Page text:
Jack Shea, who directed episodes of TV's "The Jeffersons," "Silver Spoons" and "Sanford and Son," died Sunday at his Tarzana home.
Shea, who had been suffering from Alzheimer's, was 84.
In addition to the sitcoms, Shea directed 10 editions of Bob Hope Christmas specials and earned two Emmy nominations. But he’ll be remembered just as much for his work with the Directors Guild of America, according to the guild president, Taylor Hackford.
"He occupied a truly unique position in the history of the modern DGA," he said Monday. "As the West Coast president of the Radio & Television Directors Guild in 1960, he was at the table sitting across from Frank Capra when the two guilds representing television and theatrical directors merged to form the modern Directors Guild of America."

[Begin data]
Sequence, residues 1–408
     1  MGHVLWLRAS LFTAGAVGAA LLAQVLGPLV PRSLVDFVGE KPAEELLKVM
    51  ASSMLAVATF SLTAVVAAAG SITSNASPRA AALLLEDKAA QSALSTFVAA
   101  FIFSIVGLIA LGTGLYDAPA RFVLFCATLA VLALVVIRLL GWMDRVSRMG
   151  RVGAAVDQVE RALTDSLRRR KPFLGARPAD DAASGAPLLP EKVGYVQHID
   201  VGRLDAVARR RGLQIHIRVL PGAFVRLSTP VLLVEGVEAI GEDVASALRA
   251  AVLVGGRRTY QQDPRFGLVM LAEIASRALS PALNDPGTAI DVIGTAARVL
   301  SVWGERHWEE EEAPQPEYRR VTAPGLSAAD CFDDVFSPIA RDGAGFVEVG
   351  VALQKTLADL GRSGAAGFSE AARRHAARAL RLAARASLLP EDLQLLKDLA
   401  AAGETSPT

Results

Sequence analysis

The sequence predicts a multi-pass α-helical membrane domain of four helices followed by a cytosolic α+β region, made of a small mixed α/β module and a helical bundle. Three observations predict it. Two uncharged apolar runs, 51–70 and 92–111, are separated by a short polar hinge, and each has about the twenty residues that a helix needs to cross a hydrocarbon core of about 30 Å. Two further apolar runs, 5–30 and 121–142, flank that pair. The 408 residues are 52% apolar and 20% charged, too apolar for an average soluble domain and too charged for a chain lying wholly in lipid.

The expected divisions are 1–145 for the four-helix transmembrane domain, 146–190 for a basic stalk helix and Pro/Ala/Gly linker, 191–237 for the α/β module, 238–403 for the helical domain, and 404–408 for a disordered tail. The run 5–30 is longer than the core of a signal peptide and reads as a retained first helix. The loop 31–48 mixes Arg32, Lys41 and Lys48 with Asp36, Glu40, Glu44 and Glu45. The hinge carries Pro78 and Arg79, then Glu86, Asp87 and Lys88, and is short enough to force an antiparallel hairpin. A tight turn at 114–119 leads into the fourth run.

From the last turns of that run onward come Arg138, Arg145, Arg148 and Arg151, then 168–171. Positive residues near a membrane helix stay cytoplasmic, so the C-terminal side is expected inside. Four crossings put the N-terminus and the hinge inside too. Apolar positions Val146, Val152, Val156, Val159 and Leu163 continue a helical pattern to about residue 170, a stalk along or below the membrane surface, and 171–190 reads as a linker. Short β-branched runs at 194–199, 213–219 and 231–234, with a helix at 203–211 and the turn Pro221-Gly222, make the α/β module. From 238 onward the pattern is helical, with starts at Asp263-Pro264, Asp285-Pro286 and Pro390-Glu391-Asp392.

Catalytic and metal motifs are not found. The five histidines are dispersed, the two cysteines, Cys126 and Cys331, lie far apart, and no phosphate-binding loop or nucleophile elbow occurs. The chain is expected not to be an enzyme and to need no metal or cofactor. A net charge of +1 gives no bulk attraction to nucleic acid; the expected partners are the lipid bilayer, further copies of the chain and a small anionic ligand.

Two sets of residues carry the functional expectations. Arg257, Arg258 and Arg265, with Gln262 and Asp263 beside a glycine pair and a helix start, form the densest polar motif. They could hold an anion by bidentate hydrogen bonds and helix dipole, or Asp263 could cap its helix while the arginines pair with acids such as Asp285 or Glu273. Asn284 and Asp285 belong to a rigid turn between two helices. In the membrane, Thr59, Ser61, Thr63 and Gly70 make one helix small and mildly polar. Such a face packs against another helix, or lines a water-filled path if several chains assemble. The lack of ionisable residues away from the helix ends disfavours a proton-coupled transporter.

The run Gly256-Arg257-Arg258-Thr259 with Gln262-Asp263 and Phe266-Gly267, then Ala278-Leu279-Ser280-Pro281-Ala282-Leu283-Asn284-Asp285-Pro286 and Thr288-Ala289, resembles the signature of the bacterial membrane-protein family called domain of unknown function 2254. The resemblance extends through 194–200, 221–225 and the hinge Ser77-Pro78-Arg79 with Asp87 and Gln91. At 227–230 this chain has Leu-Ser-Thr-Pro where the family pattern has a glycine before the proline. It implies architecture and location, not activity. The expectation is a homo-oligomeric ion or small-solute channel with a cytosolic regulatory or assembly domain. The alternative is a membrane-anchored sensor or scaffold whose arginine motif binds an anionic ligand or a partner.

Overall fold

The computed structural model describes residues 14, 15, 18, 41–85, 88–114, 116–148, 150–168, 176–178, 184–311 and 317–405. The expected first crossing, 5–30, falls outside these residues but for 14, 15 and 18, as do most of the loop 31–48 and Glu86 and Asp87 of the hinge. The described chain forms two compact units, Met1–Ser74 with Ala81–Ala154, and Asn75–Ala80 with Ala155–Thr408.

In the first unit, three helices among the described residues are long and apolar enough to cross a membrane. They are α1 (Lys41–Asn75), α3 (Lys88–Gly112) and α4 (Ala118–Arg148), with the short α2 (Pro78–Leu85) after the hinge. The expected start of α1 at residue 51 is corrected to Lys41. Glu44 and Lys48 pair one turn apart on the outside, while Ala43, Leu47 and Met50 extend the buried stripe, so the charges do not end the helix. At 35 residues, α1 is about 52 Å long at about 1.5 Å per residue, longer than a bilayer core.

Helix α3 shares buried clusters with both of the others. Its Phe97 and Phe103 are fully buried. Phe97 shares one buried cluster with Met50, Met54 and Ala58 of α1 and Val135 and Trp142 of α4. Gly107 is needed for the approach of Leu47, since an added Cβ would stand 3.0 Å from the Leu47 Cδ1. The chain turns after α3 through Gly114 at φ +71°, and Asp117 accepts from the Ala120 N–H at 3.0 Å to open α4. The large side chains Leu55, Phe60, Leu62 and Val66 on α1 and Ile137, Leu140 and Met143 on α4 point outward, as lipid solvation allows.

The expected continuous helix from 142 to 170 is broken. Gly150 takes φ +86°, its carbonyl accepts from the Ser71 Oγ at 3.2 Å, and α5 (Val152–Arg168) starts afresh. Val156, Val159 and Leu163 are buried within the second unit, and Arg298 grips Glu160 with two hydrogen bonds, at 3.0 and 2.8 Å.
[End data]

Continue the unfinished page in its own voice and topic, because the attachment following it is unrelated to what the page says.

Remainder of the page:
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Following the merger, he was elected to the DGA's national board, where he served for more than 35 years before serving as DGA president from 1997-2002. He also chaired the DGA Foundation. In 1992, Shea was honored with the Robert B. Aldrich Award for extraordinary service to the DGA.
Hackford called Shea a pleasure to work with.
“He always had a ready smile and keen interest in everyone he encountered,” he said. “Jack enjoyed life and shared it with everyone around him; as a leader, his gentle manner and the kindest of hearts will be the things we miss the most.”
Shea is survived by his wife of 59 years, TV screenwriter Patt Shea, a three-time Humanitas Award winner who worked on “All in the Family” and “Cagney & Lacey.” He also leaves his children Shawn, Bill, Michael and John Francis III, and grandchildren Amanda, Michael, Dylan, Hudson Patrick, Katie and Jackson.